Casting with mustard seeds
Casting with Peppercorns


It’s not a great idea to cast expensive gemstones with this process unless you’re ok with the possibility of having them crack and or discolour with the intense heat involved. An inexpensive option to use are cubic zircons, which I’m trying (and not having too much success with anyway)

Casting with Czs

Cheap Sand

Sometimes it just doesn’t pay to be economical with your materials. You can buy authentic delft sand for example which is uber fine and has just the right amount of binding oil in it to hold the finest details of your model. Or you can buy a cheaper version of delft sand and regret every single grain of it. The rings below are an example of pretty rough detail captured in cheap sand.

An incomplete fill of the mold
Casted disk soldered to a shank
Casted disk, sawn and drilled

And that’s where I have to leave it for now. I’ll continue my exploration into sand casting and encourage you to give it a try. And if you do let me know how it goes. I’d love to hear from you 🙂

David Huycke

Process (photo via

I recently began to experiment with granulation; an ancient technique used by goldsmiths some 5000 years ago in Etruria (now part of Italy) and Greece. You’ve probably seen examples of granulation – tiny gold or silver beads adhered to a gold or silver surface in a myriad of patterns and shapes…


I have to admit I started my attempt believing it would be an easy technique to master; melt a few silver balls, slap them onto a piece of sheet silver and add heat. It didn’t go quite to plan though; tiny balls flew from the torch flame while others refused to set down. And as with all things slightly difficult I decided this ancient technique takes patience and skill. And when I came across the work of David Huycke I decided to put my exploration into granules on hold. Let’s face it, maybe I should just put all my smithing on hold and go curl up in a corner 😱.

Huycke’s CV is long and filled with amazing achievements. He obtained his MFA in Antwerpen (1989) and a PhD in Arts at Leuven (2010). From his website

He first made a name for himself with his sets of dishes, simple design and subtle use of materials and is now best known for his innovative approach to the traditional technique of granulation. David Huycke sets to work like a scientist or an alchemist, casting in moulds non-existent and seemingly impossible concepts, incurring along the way risks such as breakage or collapse. Eventually those ideas and experiments are selected and elaborated into an object where they exude a degree of stillness and have a natural obviousness, as if the work could not have been made any other way’. Check out his woooork…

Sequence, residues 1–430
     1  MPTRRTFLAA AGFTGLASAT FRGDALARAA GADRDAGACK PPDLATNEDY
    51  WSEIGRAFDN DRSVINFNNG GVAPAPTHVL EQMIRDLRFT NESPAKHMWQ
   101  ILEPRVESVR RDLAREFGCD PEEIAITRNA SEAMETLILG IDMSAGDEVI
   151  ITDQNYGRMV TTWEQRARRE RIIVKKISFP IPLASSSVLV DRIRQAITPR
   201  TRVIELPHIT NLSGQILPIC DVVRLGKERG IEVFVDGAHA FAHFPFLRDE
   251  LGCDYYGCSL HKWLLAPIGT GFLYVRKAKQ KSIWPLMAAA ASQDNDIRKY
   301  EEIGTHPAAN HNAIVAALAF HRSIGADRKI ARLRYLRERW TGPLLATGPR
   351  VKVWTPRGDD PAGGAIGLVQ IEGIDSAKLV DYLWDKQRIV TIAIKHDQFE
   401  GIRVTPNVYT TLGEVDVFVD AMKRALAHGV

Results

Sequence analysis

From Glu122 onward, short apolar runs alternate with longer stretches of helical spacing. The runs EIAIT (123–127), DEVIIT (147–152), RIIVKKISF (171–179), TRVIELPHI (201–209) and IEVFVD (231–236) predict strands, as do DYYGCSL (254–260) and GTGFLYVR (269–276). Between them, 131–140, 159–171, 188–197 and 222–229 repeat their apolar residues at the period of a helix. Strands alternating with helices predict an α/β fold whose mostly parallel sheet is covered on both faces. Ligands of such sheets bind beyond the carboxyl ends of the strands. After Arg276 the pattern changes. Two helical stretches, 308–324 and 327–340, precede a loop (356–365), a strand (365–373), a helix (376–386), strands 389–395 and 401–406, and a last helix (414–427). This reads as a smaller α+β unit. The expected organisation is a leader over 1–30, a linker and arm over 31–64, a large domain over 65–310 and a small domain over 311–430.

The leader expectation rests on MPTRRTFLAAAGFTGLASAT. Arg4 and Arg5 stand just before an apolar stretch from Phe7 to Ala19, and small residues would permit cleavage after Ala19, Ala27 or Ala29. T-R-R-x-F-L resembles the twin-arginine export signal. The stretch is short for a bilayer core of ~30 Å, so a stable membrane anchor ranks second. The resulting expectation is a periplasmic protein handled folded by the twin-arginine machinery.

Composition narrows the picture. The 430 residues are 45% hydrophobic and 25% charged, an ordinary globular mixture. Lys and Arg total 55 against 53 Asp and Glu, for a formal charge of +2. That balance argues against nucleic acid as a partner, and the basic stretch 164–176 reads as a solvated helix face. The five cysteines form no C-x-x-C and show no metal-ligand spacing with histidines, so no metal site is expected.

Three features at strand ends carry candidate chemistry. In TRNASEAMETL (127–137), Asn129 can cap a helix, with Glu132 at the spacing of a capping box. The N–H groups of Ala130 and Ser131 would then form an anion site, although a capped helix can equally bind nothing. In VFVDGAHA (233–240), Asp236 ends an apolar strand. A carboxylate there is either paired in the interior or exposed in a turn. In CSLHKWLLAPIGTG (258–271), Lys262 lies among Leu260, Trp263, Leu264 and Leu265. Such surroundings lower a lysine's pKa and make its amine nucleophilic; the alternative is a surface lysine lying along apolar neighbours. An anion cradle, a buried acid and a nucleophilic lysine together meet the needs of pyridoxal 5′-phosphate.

Cirkelrond 7, 1996. Silver, 8cm x ⍉30.5cm

Fractal Chaos, 2013, Stainless Steel, 22cm x 22cm x 22cm

Fractal Piece, 2007. Silver, 15cm x ⍉16cm

Ovalinder 2, 2011. silver, 17cm x ⍉10/13cm

Marble Bowl, 2006. Silver, 16cm x ⍉16.5cm


A blog about art is hardly the place to pull back the curtain on an ugly subject like an eating disorder. But then again, struggle and pain are real in most peoples’ lives and sometimes in the life of an artist those experiences form the basis of beautiful art. I suppose I felt the need to provide a counterbalance to all that eye-catching art here on Maker; to maybe be more open about why I generally want to share what I find amazing about us humans by shedding a wee bit of light on an eating disorder in my family. And I have to say in my experience not a lot of people know that eating disorders affect boys and men and that they are especially ashamed and terrified of seeking help.

My family experienced this mental health disorder about 15 years ago. In fact I’ve known my son more years with the eating disorder than the years before it took over his mind and body. Black, hollow and cold (because that’s how I think of it), it attached itself to him (and the rest of us) kind of like a parasite attaches itself to a healthy host and we’ve been in a life or death battle with it ever since.

It came about innocently, in the form of a matter-of-fact question one day when my son was about 11…how to lose weight as he entered high school and my equally matter-of-fact if not clinical response…calories in, calories out, if you take in more calories than you expend in energy, you’ll gain weight. If you take in less you’ll lose weight. That was that. Of course starting high school is stressful for most adolescents and he was no different. He had been called names like ‘fatty’ throughout elementary school and as the prospect of high school loomed he decided to choose healthier foods. I was on board with healthier foods! But when he later joined the cross-country running club at school and started paying attention to his appearance I started to worry. Insidiously and over months when family and friends started to compliment his changing physique that attention ever-so-quietly evolved into obsession. And he wasn’t at all interested in going back to what he considered his ‘fat’ self.